Tag Archives: Travel

My Life at the Quan

Photo by Nam Quan for AsiaLIFE

I haven’t been watching which of AsiaLIFE‘s articles have been syndicated on Vietnews too carefully lately, but I just dropped by and saw that the editors picked up my piece on quan nhau: “Living the Quan Life.”

This one was a real bummer to research: head to a few local quans with friends, nosh on the savory grilled fare typical of these joints, wash it down with dirt cheap beer and shoot the shit. (That’s why I get paid the big bucks.)

As my friend Hai explains it, that’s basically nhau. Eat. Drink. Talk. No one element is more important than the other; each one fuels the other two. I go into the culture of nhau in greater detail in the article.

Oh, and I eat pig’s brain.

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Filed under Culture, Food & Drink, Vietnam

Motorbiking the Hai Van Pass

 

Axel_

Axel_

 

At this point, I don’t exactly have a plan. I am winging it.

Having passed over a horde of substandard Honda Dreams, Citis and Wave Alphas — motorbikes that would almost certainly leave me stranded on the Hai Van Pass if they didn’t break down sooner — there is now parked in front of me a gleaming new Yamaha Sirius. But the owner wants my passport.

I can’t explain to him that this is impossible, that I will need my passport to check into a hotel in Danang in a few hours time. That I plan to drive his bike 4 hours southeast of Hue, over the Hai Van Pass, into Danang , then to Hoi An and back would no doubt be a deal breaker.

 So instead I tell him I cannot give him my passport. It is at my hotel. He asks for the hotel’s number. I tell him I need to switch hotels; mine is very bad. I tell him he can have my New York State driver’s license. He looks on the verge of giving me a yes. I tell him I’ll pay him up front for the three days’ rental.

Bingo.

I stop at my hotel, pick up my backpack, get back on the Sirius and just like that I’ve salvaged my trip from the brink of disaster. Just like that, I am headed out of town, bound for the Hai Van Pass.

The road out of Hue is almost exceedingly well marked, if a bit labyrinthine. Every few hundred metres, there’s another sign. This way. That way. Left. Right. Up. Down. Back the other way. It’s a cartoonish route, but it proves dependable and soon I’m on the open road heading west, driving past coastal paddies.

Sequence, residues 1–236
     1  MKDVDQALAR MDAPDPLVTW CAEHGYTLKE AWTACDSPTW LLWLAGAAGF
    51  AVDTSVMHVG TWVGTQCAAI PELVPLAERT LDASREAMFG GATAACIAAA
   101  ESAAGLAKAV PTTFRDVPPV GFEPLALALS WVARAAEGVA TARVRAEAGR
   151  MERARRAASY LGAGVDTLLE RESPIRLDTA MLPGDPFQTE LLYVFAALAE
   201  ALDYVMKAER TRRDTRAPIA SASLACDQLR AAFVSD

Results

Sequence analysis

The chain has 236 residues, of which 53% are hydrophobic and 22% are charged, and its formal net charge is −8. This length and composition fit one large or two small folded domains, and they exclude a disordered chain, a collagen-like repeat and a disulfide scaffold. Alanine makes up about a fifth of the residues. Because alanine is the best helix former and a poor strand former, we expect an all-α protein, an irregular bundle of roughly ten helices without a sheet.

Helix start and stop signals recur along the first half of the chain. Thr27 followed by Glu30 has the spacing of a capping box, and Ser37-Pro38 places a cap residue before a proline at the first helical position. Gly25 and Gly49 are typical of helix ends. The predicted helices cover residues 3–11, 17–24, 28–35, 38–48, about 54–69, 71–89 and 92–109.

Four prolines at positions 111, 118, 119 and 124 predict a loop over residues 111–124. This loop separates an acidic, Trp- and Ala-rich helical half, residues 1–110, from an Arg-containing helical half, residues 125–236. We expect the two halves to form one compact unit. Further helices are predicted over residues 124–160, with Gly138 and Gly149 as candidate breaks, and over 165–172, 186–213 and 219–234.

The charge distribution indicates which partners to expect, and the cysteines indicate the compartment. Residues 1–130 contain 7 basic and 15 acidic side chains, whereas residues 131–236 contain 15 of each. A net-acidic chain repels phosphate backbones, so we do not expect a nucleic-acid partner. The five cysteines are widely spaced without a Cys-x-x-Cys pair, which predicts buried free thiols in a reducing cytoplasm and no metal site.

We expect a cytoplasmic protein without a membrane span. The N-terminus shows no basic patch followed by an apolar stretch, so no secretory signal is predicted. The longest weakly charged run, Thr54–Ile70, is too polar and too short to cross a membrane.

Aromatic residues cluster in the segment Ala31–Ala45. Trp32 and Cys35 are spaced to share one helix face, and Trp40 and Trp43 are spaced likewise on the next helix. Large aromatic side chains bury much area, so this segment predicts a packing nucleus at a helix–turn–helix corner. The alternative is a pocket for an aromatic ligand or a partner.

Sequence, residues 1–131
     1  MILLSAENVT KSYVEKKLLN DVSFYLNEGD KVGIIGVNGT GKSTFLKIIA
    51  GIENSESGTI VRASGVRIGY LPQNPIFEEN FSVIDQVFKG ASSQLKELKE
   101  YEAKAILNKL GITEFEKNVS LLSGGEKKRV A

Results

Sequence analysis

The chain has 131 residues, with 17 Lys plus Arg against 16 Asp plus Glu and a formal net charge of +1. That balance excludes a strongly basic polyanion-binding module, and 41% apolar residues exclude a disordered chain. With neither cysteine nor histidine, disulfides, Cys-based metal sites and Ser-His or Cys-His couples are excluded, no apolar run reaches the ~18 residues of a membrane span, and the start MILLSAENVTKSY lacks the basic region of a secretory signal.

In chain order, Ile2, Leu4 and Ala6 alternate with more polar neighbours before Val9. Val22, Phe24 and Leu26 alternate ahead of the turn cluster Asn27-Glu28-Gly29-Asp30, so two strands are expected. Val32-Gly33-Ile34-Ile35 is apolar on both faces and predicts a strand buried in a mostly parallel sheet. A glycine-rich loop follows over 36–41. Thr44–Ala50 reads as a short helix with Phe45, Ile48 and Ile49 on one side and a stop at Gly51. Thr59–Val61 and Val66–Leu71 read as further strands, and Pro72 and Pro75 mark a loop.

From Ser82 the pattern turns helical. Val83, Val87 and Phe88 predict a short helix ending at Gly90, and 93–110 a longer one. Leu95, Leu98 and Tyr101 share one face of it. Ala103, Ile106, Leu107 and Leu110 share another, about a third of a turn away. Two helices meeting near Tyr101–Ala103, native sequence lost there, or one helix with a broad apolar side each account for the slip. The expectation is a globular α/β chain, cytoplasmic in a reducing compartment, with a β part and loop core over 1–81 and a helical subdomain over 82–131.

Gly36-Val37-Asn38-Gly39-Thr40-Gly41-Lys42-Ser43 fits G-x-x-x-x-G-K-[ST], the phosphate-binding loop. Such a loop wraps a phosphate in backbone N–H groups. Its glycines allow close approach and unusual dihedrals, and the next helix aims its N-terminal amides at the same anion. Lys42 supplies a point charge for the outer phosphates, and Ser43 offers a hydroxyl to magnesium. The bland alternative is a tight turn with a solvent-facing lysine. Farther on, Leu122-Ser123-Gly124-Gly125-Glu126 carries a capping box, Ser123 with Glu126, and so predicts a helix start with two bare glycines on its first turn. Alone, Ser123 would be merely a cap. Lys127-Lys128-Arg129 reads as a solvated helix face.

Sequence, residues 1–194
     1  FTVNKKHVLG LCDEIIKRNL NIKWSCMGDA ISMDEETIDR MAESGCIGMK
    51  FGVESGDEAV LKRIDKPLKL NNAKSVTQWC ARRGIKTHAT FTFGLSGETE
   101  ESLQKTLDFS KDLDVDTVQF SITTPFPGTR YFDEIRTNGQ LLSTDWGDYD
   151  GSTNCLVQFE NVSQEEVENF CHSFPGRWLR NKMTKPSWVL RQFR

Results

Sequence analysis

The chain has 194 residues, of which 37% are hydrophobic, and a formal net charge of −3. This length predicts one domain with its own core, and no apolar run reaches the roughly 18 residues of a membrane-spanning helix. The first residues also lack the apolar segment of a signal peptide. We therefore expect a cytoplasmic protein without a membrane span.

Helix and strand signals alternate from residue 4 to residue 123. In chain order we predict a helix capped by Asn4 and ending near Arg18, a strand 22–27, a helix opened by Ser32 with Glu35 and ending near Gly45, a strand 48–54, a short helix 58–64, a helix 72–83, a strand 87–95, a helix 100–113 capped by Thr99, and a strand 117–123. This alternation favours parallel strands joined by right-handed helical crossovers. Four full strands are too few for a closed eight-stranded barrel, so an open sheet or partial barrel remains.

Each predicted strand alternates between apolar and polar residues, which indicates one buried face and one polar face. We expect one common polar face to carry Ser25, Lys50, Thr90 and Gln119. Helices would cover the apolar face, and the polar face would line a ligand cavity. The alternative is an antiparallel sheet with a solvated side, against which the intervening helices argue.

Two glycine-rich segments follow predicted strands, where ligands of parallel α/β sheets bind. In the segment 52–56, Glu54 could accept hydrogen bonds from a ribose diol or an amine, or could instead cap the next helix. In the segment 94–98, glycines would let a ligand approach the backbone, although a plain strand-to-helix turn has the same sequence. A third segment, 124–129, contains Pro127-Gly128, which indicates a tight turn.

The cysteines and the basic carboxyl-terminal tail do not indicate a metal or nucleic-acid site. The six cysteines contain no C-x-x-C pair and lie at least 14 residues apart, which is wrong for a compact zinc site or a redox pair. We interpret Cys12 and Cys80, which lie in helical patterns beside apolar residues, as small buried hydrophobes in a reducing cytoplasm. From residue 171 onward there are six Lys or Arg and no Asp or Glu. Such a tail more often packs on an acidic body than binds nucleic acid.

But then the rain starts up. The proceeding hours are a blur. I stop to reposition my rain jacket; multiple configurations lead to the same conclusion: it’s going to be a we ride. About an hour into the drive, my hands are frozen solid. I stop at two large markets to find gloves. No luck. All I get are inquisitive stares and giggles.

From there, things get hazy. I remember a backup where a bridge is being repaired. But other than that, I am just trying my best to make good time, trying to overtake the truck traffic. After a while, 70km per hour feels just fine on the slick roads. I start to accept the discomfort, the aching limbs and numb fingers. The sign to denote you’re leaving a hamlet — the crossed-out skyline — is my only comfort.

 

And then it happens. I’m just outside of the Hai Van Pass. The rain has reduced to a drizzle. The first ascent alone, steep and banking towards the ocean, assures me that the Hai Van Pass will dwarf the two smaller passes I’ve already driven. The experience, I begin to realize, will make all that’s come before worth it.

Thanks to a recently completed tunnel for truck traffic, the Hai Van Pass is nothing short of a motorcyclist’s dream come true. Lanes that likely made for tense trips by bus or truck provide latitude for motorbikes to bank and weave with relative safety. Around every corner, you imagine the summit must be near, but the road continues to climb, the South China Sea below growing more distant, the jungle foliage on the mountainside more verdant.

And then I reach the top. With the mist and cloud cover, the view is non-existant. No worries. I’m eager to get back on the bike. The drive down the mountain proves just as much fun — you’ve got to keep your hand on the break just to keep yourself in check. And not long into the descent, the rain abates altogether. The sun comes out. I take of the stifling raincoat, and continue down the mountain, the sun and wind drying my sodden clothes.

Next stop Danang.

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Filed under Motorbiking, Stories, Vietnam

Jetstar’s Friday Fare Frenzy